I PULL HARD on the paddle, launching the kayak into the cold, clear Salish Sea—the coastal waterways surrounding southern Vancouver Island, Puget Sound, and the San Juan Islands. Heading for open water, I inhale the salt air off San Juan Island State Park. Its sandy, protected beach serves as a popular launch site for kayakers.
Jason Gunter, co-owner of Discovery Sea Kayaks (discoveryseakayak.com), leads the way in his bright red kayak. My friend Chris Olsen and I follow, searching for killer whales and other creatures of this amazing seascape.
The sky is the color of pewter, the water calm as glass, providing perfect conditions for exploration. The Salish Sea measures some 6,500 square miles, comprising the Georgia Strait, Strait of Juan de Fuca, and Puget Sound, the second- largest estuary in the United States with one of the richest concentrations of marine life in the world. Marine biologist Bert Webber of Bellingham coined the term Salish Sea in 1988 to emphasize its transnational nature.
Today we plan to explore a small corner of it: the waters off San Juan Island, an area frequented by killer whales, salmon, and an amazing diversity of bird life. The San Juan Islands consist of a chain of 172 islands lying between Canada’s Vancouver Island and the Washington and British Columbia mainland. They offer almost endless opportunities for kayaking, bird-watching, fishing, and exploring.
We see plenty of birds—grebes, scoters, mergansers, kingfishers, and blue herons. Jason points out a bald eagle in a tree high above the water. Its distinctive white head appears above the branches, scanning the horizon for fish.
We see an eagle every 100 yards, perched on the top limbs of Douglas firs. We cross a kelp bed, the long strands bumping against the bottom of the boat. Salmon feed around the kelp beds, attracting pods of orca whales.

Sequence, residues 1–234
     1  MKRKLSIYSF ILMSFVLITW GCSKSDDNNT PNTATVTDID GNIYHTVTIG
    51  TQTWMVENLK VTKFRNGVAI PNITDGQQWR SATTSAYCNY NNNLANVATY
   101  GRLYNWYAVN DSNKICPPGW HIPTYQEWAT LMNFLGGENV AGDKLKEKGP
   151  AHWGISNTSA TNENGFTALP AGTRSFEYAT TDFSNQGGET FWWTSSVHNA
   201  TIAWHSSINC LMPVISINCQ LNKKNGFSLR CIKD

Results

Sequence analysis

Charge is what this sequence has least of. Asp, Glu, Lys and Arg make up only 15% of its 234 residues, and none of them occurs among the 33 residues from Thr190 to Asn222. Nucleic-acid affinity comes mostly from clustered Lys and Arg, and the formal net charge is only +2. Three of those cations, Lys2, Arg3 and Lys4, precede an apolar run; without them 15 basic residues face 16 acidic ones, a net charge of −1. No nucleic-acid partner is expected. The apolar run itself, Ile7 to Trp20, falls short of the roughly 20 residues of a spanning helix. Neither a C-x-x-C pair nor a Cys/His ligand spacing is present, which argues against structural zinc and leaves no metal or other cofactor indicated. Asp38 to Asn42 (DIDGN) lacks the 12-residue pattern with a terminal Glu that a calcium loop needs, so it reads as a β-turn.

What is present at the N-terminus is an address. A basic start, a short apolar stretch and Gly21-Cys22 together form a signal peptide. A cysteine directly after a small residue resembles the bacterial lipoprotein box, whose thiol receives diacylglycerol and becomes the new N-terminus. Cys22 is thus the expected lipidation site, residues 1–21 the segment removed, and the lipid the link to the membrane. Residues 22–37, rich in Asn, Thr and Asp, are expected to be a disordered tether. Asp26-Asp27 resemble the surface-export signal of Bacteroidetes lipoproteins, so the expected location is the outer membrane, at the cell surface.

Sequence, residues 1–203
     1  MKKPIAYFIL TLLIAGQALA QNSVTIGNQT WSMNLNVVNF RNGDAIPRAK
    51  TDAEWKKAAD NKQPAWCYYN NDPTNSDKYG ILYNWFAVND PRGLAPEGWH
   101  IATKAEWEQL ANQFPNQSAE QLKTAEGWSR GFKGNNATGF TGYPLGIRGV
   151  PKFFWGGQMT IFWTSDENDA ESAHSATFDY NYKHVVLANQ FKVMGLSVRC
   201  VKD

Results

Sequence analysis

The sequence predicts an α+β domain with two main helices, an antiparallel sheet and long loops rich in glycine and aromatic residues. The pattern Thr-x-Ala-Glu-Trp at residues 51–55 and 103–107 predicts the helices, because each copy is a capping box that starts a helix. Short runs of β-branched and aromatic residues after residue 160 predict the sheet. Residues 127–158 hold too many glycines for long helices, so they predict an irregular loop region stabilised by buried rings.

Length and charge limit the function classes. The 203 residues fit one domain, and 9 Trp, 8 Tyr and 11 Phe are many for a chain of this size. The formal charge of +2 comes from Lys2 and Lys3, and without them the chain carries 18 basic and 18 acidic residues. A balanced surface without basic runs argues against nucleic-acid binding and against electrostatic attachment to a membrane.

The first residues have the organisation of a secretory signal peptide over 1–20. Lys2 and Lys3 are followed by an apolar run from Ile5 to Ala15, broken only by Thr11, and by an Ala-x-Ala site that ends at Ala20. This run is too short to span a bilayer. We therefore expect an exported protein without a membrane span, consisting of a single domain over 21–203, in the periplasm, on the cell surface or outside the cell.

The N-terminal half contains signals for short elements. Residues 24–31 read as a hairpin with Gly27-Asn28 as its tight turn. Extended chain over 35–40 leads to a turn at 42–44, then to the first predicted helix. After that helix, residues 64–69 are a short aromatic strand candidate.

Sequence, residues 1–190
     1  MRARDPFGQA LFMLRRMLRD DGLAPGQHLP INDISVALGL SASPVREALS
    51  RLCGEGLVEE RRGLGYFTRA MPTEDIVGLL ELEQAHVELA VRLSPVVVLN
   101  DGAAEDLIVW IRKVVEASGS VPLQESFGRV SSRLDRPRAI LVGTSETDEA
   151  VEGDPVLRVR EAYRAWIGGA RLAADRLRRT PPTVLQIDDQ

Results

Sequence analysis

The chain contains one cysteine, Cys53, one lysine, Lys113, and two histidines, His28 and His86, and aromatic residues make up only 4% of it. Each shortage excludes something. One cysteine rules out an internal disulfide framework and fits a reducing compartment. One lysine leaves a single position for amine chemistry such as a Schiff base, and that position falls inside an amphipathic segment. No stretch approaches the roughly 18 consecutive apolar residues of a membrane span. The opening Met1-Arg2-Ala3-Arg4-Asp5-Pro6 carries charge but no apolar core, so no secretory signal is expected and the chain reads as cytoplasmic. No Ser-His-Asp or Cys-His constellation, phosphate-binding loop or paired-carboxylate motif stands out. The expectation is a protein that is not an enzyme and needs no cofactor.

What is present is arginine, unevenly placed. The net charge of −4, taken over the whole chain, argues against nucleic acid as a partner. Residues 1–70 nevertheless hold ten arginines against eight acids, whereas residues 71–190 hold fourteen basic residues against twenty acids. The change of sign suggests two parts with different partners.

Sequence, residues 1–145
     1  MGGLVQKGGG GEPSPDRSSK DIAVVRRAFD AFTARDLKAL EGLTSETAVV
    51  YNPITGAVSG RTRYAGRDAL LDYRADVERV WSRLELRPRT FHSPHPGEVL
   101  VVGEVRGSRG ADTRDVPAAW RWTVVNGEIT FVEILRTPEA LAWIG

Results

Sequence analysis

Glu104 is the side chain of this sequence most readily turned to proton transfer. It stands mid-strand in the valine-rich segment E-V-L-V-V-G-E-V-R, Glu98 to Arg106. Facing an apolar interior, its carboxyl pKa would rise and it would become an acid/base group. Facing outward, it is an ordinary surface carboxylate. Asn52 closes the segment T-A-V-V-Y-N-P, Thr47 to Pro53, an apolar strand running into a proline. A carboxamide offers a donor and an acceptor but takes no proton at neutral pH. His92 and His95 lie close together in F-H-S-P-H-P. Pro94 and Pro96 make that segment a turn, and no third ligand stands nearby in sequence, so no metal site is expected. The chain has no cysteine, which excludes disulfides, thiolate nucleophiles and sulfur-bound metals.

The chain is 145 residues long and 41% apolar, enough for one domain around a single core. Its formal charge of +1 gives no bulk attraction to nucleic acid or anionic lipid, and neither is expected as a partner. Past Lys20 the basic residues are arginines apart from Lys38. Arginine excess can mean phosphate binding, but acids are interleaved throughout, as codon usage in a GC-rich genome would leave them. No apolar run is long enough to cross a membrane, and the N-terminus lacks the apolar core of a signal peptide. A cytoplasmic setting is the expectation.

“They like to herd the salmon up against the rocks,” says Jason. “That makes it easier for the whales to eat them. It’s pretty amazing to see.”
Many visitors don’t consider the trip complete without sighting a killer whale, the iconic species of the Salish Sea. And while there are resident orca whales in the area year-round, May through September is an ideal time to spot a dorsal fin: as many as 90 orcas are often in the area at the time.
By the time we head back, I still haven’t seen a telltale black dorsal fin, but I’ll save that for another trip. I have enjoyed a great intro to bird life from the seat of a kayak, probably the best way to experience the biological richness of the Salish Sea. —NICK O’CONNELL
Read More About The Islands
The San Juan Islands are a quintessential getaway for a reason: from orcas and organic farms to mountains and mopeds, they offer a unique adventure for everyone.
About 25 miles north of Seattle, catch the Mukilteo ferry to Whidbey Island for a diverse day trip.
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I PULL HARD on the paddle, launching the kayak into the cold, clear Salish Seathe coastal waterways surrounding southern Vancouver Island, Puget Sound, and the San Juan Islands. Heading for open water, I inhale the salt air off San Juan Island State Park. Its sandy, protected beach serves as a popular launch site for kayakers.
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Waters are so clear I can eye sea stars and huge Dungeness crabs.
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Small-town friendliness mingles with international acclaim in local art scenes.People dont live here by accident.
AN HOUR-LONG BOAT RIDE from Anacortes is all that separates mainland day-trippers from the shores of Friday Harbor, the gateway to San Juan Island.
From Whidbey to Orcas Island, isolation and a bounty of seafood make the area a mecca for esoteric wines, palate-cleansing brews, crisp ciders, and herbal spirits.
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